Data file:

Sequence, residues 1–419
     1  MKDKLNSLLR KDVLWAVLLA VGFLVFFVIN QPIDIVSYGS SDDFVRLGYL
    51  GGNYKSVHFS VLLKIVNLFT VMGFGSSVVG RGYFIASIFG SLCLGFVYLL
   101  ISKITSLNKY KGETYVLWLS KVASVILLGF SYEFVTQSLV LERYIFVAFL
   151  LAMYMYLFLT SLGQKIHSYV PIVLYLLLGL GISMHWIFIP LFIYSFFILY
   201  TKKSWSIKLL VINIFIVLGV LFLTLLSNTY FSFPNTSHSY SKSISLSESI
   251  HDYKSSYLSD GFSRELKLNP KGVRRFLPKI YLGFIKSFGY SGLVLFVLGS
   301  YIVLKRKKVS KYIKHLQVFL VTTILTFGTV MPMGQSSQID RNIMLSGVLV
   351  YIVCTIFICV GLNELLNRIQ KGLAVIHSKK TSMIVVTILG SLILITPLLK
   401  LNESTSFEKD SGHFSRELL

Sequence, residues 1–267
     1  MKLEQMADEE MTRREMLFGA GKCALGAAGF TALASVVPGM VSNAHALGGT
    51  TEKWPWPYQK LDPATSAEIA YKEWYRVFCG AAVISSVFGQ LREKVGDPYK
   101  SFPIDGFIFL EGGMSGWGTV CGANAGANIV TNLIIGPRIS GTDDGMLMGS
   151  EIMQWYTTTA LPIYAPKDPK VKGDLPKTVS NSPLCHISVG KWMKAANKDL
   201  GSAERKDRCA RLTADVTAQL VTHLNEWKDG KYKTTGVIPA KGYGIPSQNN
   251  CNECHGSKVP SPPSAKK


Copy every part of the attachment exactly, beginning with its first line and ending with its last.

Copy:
Sequence, residues 1–419
     1  MKDKLNSLLR KDVLWAVLLA VGFLVFFVIN QPIDIVSYGS SDDFVRLGYL
    51  GGNYKSVHFS VLLKIVNLFT VMGFGSSVVG RGYFIASIFG SLCLGFVYLL
   101  ISKITSLNKY KGETYVLWLS KVASVILLGF SYEFVTQSLV LERYIFVAFL
   151  LAMYMYLFLT SLGQKIHSYV PIVLYLLLGL GISMHWIFIP LFIYSFFILY
   201  TKKSWSIKLL VINIFIVLGV LFLTLLSNTY FSFPNTSHSY SKSISLSESI
   251  HDYKSSYLSD GFSRELKLNP KGVRRFLPKI YLGFIKSFGY SGLVLFVLGS
   301  YIVLKRKKVS KYIKHLQVFL VTTILTFGTV MPMGQSSQID RNIMLSGVLV
   351  YIVCTIFICV GLNELLNRIQ KGLAVIHSKK TSMIVVTILG SLILITPLLK
   401  LNESTSFEKD SGHFSRELL

Sequence, residues 1–267
     1  MKLEQMADEE MTRREMLFGA GKCALGAAGF TALASVVPGM VSNAHALGGT
    51  TEKWPWPYQK LDPATSAEIA YKEWYRVFCG AAVISSVFGQ LREKVGDPYK
   101  SFPIDGFIFL EGGMSGWGTV CGANAGANIV TNLIIGPRIS GTDDGMLMGS
   151  EIMQWYTTTA LPIYAPKDPK VKGDLPKTVS NSPLCHISVG KWMKAANKDL
   201  GSAERKDRCA RLTADVTAQL VTHLNEWKDG KYKTTGVIPA KGYGIPSQNN
   251  CNECHGSKVP SPPSAKK